Page 14 - Church Review JUNE 2020 [IM)
P. 14

World War II
and the
Holocaust ended
 Patrick Comerford
The Covid-19 pandemic ‘lockdown’ is being lifted gradually, and some people are now holding out hopes for a short getaway at the end of this summer or rebooking their holidays into next year.
Earlier this year, before the pandemic took its grip on Europe, I managed to spend a few days in Valencia in Spain and had two visits to London for USPG meetings and interfaith work.
However, a planned visit to the Anglican Church in Myanmar on behalf of USPG was the first trip that was cancelled. This was followed by cancelling a short personal retreat in Lichfield, abandoning plans for Greek Orthodox Easter in Crete, and the cancellation of the General Synod in Dublin in May.
These disappointments were followed by the cancellation of visits to Italy, Poland, and Greece. I particularly wanted to see Warsaw and visit the site of the Warsaw Ghetto and the Jewish uprising near the end of World War II.
This is the second time circumstances have cancelled a planned visit to Warsaw. Now I am wondering whether I am going to get beyond Limerick or Dublin for the rest of this year.
I never took up playing golf – it is a bit wearisome now to joke that I am too young to play golf – and so quick, short city breaks, thanks to cheap flights with Ryanair, are my alternative to golf, and they have provided many topics for this column in the Church Review.
In my own way, I have compensated myself by occasional blog postings that offer ‘virtual tours’ of a dozen sites, such as the churches of Athens, Cambridge, Lichfield, Rome, Tuscany and Venice, the churches, monasteries and restaurants of Crete, or Sephardic synagogues across Europe.
Holocaust anniversaries
Stones at a Jewish memorial in Berlin ... this year marks the 75th anniversary of the liberation of the concentration camps and the end of the Holocaust, Patrick Comerford, Berlin, 2018
On a much more sober note, I have also been blogging about the commemorations of the 75th anniversaries of the end of World II and the end of the Holocaust in 1945.
In a way that is typical of the worst sort of bias, the Daily Mail allowed its ‘Brexit’ prejudices to overcome historical accuracy and impartial journalism when one souvenir offer referred to VE Day on 8 May as ‘Britain’s Victory over Europe Day.’ There was almost no discussion in newspapers of this sort of the end of the Holocaust.
In recent years, I have visited the concentration camps at Auschwitz, Birkenau and Sachsenhausen, the Holocaust memorials in Berlin, and the former Jewish ghettoes in many European cities. In addition, I found that telling the stories of the concentration camps at Theresienstadt and Ravensbrück involved telling the stories of members – albeit very distant members – of the Comerford family.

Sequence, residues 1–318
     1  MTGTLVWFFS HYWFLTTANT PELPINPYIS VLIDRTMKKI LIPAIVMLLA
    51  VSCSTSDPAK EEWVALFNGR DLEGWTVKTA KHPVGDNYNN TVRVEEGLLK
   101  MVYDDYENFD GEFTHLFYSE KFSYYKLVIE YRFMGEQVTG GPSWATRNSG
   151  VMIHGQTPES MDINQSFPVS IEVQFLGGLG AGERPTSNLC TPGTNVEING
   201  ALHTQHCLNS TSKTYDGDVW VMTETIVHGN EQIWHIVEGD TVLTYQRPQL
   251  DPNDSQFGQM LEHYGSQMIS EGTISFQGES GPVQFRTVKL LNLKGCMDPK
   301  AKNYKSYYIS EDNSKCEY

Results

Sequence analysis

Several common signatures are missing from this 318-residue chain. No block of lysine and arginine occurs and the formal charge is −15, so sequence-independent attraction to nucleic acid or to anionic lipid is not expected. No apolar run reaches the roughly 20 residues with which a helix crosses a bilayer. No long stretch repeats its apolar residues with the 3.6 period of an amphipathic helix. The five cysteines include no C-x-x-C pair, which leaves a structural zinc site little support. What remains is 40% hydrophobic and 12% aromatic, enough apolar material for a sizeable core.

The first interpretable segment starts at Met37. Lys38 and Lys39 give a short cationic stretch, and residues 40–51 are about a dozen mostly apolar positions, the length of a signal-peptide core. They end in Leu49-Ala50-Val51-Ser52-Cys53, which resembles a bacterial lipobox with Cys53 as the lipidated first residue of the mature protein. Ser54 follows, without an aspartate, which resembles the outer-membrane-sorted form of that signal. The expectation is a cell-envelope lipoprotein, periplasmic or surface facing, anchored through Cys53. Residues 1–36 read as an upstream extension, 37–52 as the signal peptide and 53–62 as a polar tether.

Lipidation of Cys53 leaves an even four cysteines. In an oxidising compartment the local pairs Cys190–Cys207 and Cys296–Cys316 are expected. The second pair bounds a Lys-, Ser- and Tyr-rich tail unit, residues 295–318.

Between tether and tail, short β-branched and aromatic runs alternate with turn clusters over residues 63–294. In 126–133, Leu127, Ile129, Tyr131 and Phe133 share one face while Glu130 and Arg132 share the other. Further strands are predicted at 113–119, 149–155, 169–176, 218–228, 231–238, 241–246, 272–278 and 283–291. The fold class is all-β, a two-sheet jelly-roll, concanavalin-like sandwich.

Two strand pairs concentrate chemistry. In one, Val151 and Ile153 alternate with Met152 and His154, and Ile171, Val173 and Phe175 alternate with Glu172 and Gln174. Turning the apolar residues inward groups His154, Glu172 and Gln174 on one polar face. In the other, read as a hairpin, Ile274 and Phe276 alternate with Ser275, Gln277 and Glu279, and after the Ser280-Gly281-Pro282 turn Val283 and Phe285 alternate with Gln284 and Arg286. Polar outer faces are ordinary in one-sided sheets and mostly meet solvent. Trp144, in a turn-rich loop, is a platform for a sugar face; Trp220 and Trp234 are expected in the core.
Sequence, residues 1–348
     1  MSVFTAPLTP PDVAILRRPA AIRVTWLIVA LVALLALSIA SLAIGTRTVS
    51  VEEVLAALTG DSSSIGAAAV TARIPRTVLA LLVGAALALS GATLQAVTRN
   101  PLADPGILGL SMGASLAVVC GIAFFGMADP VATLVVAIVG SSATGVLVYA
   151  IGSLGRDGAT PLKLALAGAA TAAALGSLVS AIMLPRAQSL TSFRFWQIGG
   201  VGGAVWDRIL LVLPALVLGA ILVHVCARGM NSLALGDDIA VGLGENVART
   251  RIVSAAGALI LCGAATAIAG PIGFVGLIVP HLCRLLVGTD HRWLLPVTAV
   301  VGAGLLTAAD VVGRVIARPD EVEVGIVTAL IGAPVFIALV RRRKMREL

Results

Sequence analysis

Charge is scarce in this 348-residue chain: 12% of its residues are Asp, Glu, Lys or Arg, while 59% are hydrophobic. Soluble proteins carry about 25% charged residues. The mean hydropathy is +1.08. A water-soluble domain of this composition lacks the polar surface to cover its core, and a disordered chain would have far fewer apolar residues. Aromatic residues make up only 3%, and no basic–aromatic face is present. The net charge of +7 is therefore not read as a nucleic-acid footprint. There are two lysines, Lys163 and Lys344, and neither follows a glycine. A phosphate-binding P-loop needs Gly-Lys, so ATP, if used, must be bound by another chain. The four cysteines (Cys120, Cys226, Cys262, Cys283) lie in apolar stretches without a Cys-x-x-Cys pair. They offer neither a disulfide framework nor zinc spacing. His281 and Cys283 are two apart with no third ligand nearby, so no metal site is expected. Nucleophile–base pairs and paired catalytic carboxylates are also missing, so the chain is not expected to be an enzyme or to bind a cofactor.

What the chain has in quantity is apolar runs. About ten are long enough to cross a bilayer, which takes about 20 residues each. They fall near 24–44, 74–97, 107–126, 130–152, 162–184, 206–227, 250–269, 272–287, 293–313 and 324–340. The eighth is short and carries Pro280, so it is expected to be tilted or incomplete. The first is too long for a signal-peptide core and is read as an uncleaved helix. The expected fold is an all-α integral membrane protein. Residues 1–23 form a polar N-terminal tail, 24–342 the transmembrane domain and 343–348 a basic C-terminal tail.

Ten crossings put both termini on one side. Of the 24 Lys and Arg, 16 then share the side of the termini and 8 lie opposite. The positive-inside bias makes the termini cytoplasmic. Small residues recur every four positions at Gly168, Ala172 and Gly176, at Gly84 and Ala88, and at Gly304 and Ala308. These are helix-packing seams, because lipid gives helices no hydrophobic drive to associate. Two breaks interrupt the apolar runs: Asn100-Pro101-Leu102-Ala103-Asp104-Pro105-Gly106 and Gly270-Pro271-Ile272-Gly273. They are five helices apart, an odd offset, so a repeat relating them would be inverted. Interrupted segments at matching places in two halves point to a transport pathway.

I began this year with a visit to the House of Lords for the launch of resources by the Council of Christians and Jews to mark Holocaust Memorial Day. Over the following weeks, the 75th anniversary commemorations included the liberation of the concentration camps at Auschwitz and Birkenau (27 January), Buchenwald (11 April), Bergen-Belsen (15 April), Sachsenhausen (22 April), Dachau (29 April), Ravensbrück (30 April) and Mauthausen (5 May).
Remembering Auschwitz
A series of memorials in a variety of languages in Birkenau commemorates the victims of the Holocaust who were murdered by the Nazis in Auschwitz and Birkenau. Over 20 languages appear on separate plaques, representing the languages and nationalities of the victims.
Although there is no plaque in Irish, it would be wrong to think that the Holocaust was something that did not affect Ireland, for the Nazis were planning to extend their genocide to Ireland too. During a visit to Auschwitz, I
was chilled by one exhibit that shows how the Nazis plan to exterminate 11 million Jews in Europe included 4,000 Jews in Ireland.
Four Irish citizens, Ettie Steinberg and her son Leon, and Ephraim and Lena Sacks from Dublin were murdered in Auschwitz, and Isaac Shishi from Dublin and his family were murdered by the Nazis in Lithuania.
Esther, or Ettie, was one of the seven children of Aaron Hirsh Steinberg and his wife Bertha Roth. She grew up at 28 Raymond Terrace, in ‘Little Jerusalem’ off the South Circular Road in Dublin. Ettie went to school at Saint Catherine’s School, the Church of Ireland parish school on Donore Avenue, and she married Vogtjeck Gluck in the Greenville Hall Synagogue on the South Circular Road, Dublin, in 1937.
She was 22 and he was 24, and they moved to France.
When the Vichy regime began rounding up Jews in France, Ettie’s family back in Dublin secured visas that would allow them to travel to Northern Ireland. But when the visas arrived in Toulouse, it was too late: Ettie, Vogtjeck and Leon had been arrested the day before.
As they were being transported to the death camps, Ettie wrote a final postcard to her family and threw it out a train window. A passer-by found the postcard and it eventually reached Dublin. The family arrived in Auschwitz on 4 September 1942. It is assumed that they were put to death immediately.
Isaac Shishi, Ephraim Saks and his sister Lena, were all born in Ireland, but their families moved to Europe when they were children.
Isaac was born in Dublin on 29 January 1891, when his family was living at 36 St Alban’s Road, off the South Circular Road. Isaac, his wife Chana and their daughter Sheine were murdered by the Nazis in Vieksniai in Lithuania in 1941.

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